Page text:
For Health Care Professionals
Encourage patients to be physically active and eat healthy
Encourage patients to stop using tobacco products
- As a health care provider, you can encourage and educate your patients about the importance of being tobacco-free.
- Quitting tobacco is the most important step your patients can take to improve their health.
Why should you, a member of a busy clinical team, consider making the treatment of tobacco use a priority?
- Studies have shown that smokers prefer to receive information regarding quitting from their medical care professionals.
- Brief advice about smoking cessation from a clinician yielded a 66% increase in successful quit rates.
How can you start?
Tobacco Cessation Coverage
- United States Department of Labor, Affordable Care Act Implementation FAQs
- Tobacco Control Legal Consortium, How the Affordable Care Act affects tobacco use and control
- Most tobacco cessation medications are included in the HRSA 340B Drug Pricing Program, which provides discounts on outpatient prescription drugs to select safety-net providers, including health centers.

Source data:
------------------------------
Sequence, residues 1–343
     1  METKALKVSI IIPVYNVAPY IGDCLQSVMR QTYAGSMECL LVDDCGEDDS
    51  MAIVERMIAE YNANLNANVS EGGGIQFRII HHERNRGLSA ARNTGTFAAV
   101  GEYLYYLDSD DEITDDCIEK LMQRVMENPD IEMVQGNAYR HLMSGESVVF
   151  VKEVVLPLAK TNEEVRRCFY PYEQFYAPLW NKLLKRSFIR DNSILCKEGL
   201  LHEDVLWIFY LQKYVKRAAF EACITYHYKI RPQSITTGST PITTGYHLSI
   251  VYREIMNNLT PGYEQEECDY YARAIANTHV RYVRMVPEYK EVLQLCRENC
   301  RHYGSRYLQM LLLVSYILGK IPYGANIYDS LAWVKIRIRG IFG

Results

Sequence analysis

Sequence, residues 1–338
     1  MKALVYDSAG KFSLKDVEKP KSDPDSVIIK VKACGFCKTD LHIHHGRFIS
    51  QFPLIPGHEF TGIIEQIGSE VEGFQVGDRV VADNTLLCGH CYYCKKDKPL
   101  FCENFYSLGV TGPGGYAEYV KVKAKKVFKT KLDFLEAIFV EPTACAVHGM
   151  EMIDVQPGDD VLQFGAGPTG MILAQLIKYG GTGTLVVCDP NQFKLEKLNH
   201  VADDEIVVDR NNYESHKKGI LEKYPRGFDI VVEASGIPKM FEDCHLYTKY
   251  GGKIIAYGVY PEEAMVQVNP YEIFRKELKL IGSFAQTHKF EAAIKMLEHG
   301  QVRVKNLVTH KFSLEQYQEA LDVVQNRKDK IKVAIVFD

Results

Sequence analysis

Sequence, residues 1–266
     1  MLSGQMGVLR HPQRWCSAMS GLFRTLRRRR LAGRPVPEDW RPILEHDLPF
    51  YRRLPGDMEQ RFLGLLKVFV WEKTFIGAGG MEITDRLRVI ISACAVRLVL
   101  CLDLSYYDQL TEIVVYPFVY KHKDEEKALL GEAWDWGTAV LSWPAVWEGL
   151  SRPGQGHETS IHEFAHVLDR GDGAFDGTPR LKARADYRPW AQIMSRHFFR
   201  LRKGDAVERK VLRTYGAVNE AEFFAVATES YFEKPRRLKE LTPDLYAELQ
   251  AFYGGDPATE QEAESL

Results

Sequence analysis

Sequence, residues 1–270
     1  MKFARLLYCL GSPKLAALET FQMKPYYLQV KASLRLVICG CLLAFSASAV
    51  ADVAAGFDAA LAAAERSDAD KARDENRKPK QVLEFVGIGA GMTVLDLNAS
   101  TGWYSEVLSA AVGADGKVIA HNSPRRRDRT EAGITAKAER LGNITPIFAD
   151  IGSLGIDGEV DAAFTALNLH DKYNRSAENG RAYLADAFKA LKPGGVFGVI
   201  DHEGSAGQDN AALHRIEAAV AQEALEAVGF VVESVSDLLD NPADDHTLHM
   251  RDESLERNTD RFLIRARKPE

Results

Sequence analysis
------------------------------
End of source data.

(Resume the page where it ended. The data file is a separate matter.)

- As of October 1, 2010, all state Medicaid programs must provide a comprehensive cessation benefit for pregnant women with no cost sharing by the patient. A similar provision applies to some private group and individual plans as of September 23, 2010.
- As of June 2011, state Medicaid programs are allowed to reimburse quitlines for callers enrolled in Medicaid.
- As of January 1, 2013, state Medicaid programs that voluntarily cover all recommended preventive services, including tobacco cessation, receive increased federal reimbursements.
- As of January 1, 2014, state Medicaid programs will no longer be able to exclude tobacco cessation drugs from prescription drug coverage.
**Smoking prevalence rates are much higher in Medicaid populations than in the general population**
Last modified on 09/15/2020